UK companies can benefit by:

  • participating in EU funded tenders
  • partnering with local companies

Contact the Senior Trade Adviser Paulo.Coimbra@mobile.trade.gov.uk for more information on opportunities linked to privatisations and future projects.

3.4 Trade agreements

Portugal is a member of the EU, the World Trade Organisation (WTO) and other international bodies. Goods manufactured in the UK are exempt from import duties.

Contact the SOLVIT team if you have market access issues relating to the operation of the Single Market.

3.5 Platform into the Lusophone markets

Portuguese is one of the most widely spoken languages in the world, and the most spoken in the southern hemisphere. Historical ties, common language, and related legal systems make Portuguese speaking countries privileged trade and investment partners of Portugal.

Portugal has over EUR 5 billion in trade with Angola, its highest among the Portuguese speaking markets. More than 9,440 companies export to the country.

The best Portuguese companies are looking to grow through exports. They currently are delivering projects in a wide range of sectors in the Lusophone markets.

Identifying a Portuguese partner and choosing a route to these markets through Portugal offers:

  • added confidence to British companies
  • potential that goes way beyond Portugal’s borders

Portugal has bilateral investment promotion and protection agreements with Angola and Mozambique. It has a double taxation agreement with Brazil and is negotiating with Angola for a similar one.

Contact the Senior Trade Adviser Paulo.Coimbra@mobile.trade.gov.uk for more information on opportunities in Lusophone markets.

4. UK and Portugal trade

Total UK exports to Portugal were EUR 3.1 billion in 2014, making it Portugal’s sixth largest supplier. This total included EUR 1.8 billion in goods and EUR 1.3 billion in services.

UK’s main goods exports were in the following sectors:

  • automotive
  • life sciences
  • information economy

Services exports were in travel, transport and other business services.

The UK is the fourth largest investor in Portugal after Netherlands, Spain and Luxembourg.

There are over 100 Portuguese investors in the UK. The top Portuguese economic groups have invested in a range of industries and sectors in the UK.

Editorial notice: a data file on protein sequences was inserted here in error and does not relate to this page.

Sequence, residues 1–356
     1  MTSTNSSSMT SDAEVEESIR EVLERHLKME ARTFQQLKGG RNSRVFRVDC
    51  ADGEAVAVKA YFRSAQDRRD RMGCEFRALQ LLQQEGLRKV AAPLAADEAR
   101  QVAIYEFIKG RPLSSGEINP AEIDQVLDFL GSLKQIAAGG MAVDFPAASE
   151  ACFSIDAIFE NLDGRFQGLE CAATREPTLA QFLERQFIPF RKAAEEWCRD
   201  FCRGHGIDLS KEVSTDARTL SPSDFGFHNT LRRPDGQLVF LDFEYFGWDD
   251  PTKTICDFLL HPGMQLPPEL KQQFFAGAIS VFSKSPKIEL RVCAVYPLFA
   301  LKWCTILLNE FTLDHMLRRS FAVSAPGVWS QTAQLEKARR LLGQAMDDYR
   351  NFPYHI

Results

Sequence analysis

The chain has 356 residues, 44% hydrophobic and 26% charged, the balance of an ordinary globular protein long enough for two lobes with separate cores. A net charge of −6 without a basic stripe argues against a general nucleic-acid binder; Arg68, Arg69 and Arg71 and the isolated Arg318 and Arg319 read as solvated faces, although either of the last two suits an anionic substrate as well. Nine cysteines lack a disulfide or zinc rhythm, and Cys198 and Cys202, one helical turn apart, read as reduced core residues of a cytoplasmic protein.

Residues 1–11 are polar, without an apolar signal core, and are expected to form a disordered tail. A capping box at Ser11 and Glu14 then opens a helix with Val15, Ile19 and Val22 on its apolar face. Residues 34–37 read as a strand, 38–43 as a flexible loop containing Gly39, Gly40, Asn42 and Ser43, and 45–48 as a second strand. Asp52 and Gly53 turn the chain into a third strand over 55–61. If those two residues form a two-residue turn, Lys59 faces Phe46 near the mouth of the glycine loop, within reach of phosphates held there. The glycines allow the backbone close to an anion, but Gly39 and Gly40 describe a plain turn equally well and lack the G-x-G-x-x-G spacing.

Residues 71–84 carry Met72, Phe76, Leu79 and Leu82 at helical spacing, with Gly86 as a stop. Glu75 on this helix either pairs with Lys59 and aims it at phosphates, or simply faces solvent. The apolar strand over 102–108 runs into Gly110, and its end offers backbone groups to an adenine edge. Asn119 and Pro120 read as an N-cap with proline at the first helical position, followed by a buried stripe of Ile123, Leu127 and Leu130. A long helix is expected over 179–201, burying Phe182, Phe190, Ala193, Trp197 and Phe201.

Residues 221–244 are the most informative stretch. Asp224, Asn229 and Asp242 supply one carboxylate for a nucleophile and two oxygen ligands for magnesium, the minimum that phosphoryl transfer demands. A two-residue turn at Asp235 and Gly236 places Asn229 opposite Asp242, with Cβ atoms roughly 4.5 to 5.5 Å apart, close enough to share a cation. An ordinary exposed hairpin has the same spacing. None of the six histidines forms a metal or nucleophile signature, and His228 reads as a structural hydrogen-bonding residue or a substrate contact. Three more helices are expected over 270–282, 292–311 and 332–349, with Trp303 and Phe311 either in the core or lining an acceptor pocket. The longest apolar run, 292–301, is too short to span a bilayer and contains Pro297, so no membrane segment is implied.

5. Opportunities for UK business in Portugal

DIT provides free international export sales leads from its worldwide network. Search for export opportunities.

Access high value public procurement notices via Tenders Electronic Daily (TED). TED contains all procurement notices above a certain threshold from the EU and European Economic Area (EEA).

All major public projects in Portugal are:

  • put out to tender
  • published in Diário da República, the Portuguese Official Government Gazette
  • usually published in the Portuguese language only

Reponses must also be in Portuguese so a local partner is usually required, unless a UK company is in a position to bid directly.

5.1 Innovative technologies

Many Portuguese companies are looking to buy or invest in technologies such as:

  • ICT / telecoms
  • smart cities
  • environmental
  • advanced engineering
  • retail (e-exporting)
  • life sciences
  • fintech
  • digital technology
  • agritech

Portugal can be an excellent test market for Small and Medium Sized Enterprises (SMEs).

Contact the Senior Trade Adviser Ana.Abreu@mobile.trade.gov.uk for more information on opportunities in the agritech sector.

Contact the Senior Trade Adviser Carlos.Fernandes@mobile.trade.gov.uk for more information on opportunities in the ICT, advanced engineering and life sciences sectors.

Contact the Senior Trade Adviser Paulo.Coimbra@mobile.trade.gov.uk for more information on opportunities in the security sector.

Contact the Senior Trade Adviser Frederico.Lyra@mobile.trade.gov.uk for more information on opportunities in the smart cities and environment sector.

5.2 Experience economy

The Portuguese government focuses on the tourism sector as a national economic priority. The government, tourism stakeholders and private investors are making a major commitment to develop the visitor attraction sector.